Maybe Amazon Just Doesn't Share Your View Of What Making Money Means

| About:, Inc. (AMZN)


Amazon is still entering vast new markets.

Amazon dips, like the one early this year, are your chance to get in.

When the company starts making money is when you start to worry.

When asked about Apple (NASDAQ:AAPL), TV analyst Jim Cramer famously said it's not a stock you trade, but one you own. You set aside a portion of your portfolio for it, and you leave it alone.

This got Cramer laughed at, as the stock plunged from $130 last summer to under $95 in February, mimicking a 2012 fall from a pre-split $98 to as low as $56 in mid-2013. But who's laughing now, at $111?

Amazon (NASDAQ:AMZN) may be on the first leg of such a journey. It fell hard at the start of the year, from near $700 to below $500. But if you caught that dip, or caught it almost anywhere in the last 10 years, you're looking better with the stock nearing $600 again.

Analyst views differ on Amazon. Popular SunTrust Robinson analyst Robert Peck downgraded it last month. Technicians still don't like the chart. Goldman Sachs, however, recently upgraded it, noting that on a "forward EBITDA" basis, Earnings Before Interest, Taxes, Depreciation and Amortization (a favorite metric of buyout artists), it's still at 17.5, while it averages 24.

I have a different metric for my "buy-and-hold" strategy. Is Amazon still trying stuff? Is the company still investing to build enormous huge markets - markets are big as those it already has?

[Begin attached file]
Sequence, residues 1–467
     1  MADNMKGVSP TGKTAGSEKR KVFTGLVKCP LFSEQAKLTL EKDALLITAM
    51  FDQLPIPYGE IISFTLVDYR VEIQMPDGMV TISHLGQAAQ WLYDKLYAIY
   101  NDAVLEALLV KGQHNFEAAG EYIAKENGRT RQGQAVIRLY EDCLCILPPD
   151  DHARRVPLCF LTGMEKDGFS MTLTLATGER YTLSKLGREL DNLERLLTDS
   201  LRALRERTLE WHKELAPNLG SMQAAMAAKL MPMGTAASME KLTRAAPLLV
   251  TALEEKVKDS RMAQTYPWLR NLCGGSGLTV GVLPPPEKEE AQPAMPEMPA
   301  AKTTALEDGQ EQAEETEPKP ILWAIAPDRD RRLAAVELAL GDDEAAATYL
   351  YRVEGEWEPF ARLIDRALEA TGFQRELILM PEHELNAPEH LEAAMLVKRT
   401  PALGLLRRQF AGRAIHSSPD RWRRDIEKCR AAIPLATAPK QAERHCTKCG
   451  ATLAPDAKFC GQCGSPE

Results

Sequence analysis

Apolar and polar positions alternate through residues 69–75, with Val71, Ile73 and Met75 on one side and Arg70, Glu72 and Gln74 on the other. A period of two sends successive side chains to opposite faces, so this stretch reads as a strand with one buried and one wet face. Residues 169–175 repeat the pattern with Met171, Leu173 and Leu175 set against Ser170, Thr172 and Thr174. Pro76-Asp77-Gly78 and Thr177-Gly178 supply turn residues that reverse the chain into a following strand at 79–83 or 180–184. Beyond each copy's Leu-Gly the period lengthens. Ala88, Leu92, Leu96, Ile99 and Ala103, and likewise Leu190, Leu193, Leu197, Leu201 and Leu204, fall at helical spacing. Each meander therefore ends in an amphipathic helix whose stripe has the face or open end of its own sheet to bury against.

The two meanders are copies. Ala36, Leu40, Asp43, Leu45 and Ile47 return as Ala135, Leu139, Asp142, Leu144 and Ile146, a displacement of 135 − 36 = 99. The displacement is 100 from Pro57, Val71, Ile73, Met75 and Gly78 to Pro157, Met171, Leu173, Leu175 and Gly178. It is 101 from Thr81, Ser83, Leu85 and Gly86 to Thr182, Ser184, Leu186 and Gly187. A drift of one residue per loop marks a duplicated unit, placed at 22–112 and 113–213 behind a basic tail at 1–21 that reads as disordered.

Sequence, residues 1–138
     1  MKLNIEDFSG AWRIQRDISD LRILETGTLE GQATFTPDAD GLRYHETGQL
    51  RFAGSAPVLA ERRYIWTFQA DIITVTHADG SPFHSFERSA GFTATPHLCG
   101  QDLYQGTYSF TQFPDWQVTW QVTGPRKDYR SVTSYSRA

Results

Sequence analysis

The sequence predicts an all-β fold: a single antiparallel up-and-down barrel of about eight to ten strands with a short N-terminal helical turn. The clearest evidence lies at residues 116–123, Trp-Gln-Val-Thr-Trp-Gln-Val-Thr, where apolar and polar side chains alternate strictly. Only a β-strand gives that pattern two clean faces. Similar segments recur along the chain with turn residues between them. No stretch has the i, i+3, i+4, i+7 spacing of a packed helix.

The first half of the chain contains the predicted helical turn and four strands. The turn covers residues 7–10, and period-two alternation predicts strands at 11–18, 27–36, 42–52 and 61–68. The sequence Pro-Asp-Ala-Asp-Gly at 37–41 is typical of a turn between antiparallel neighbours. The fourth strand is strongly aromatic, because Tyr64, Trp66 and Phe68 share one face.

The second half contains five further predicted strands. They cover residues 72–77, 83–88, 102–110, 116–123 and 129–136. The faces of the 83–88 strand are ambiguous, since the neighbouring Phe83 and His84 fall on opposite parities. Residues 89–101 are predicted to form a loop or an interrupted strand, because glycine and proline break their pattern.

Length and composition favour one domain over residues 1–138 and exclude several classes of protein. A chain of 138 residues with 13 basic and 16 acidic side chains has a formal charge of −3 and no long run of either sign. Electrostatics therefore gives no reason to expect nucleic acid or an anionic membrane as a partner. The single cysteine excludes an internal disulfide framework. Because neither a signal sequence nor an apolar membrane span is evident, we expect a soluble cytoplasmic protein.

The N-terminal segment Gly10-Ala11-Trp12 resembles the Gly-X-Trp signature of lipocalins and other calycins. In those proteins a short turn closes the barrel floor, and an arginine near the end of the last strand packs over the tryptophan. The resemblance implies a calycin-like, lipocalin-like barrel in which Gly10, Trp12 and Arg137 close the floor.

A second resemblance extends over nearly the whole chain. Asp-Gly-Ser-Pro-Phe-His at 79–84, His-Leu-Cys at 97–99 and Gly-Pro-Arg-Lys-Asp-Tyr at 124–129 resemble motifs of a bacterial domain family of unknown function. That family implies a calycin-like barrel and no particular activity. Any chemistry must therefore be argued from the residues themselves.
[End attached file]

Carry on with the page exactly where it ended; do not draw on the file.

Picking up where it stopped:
The answer to that is "Yes."

India. Video. Fashion. Same-day shipping. Payments. Voice-assisted gadgets. Are they all going to work out? No. Does Amazon have big competition in all those areas, like Netflix (NASDAQ:NFLX), PayPal (NASDAQ:PYPL), and Microsoft (NASDAQ:MSFT), to name three? Yes. But can Amazon, with initiatives like this, keep up its 20% annual growth rate even as it passes the $100 billion in sales threshold, or even accelerate it?


To all those claiming "Amazon doesn't want to make money," the company just doesn't share your view of what making money means. Succeeding in something, to Amazon, is an opportunity to try to succeed at something else. Succeeding at half a dozen things is an opportunity to try 12 more things.

Can things get left behind in that process? Yes. Frankly, the new Kindles are a yawn. Frankly, the posse is out for Amazon Web Services. I suspect last year's bigger bottom lines may be followed, this year, by some leaner ones.

But as long as the growth continues, as long as new markets keep opening up that the company can serve with a hope of profit, as long as Amazon keeps being Amazon, and as long as Jeff Bezos remains interested in growth first, investors (as opposed to traders) should just ignore the headlines and hang on to their shares.

It's when Amazon starts talking of booking huge profits, or splitting the stock to attract investment or (gasp) paying dividends that it will fall to Earth. It's when Bezos stops trying to get to space and starts looking at Mexican condos that I'll think about getting out.

I see no threat of any of that on the horizon.

Disclosure: I am/we are long AMZN, MSFT, AAPL.

I wrote this article myself, and it expresses my own opinions. I am not receiving compensation for it (other than from Seeking Alpha). I have no business relationship with any company whose stock is mentioned in this article.

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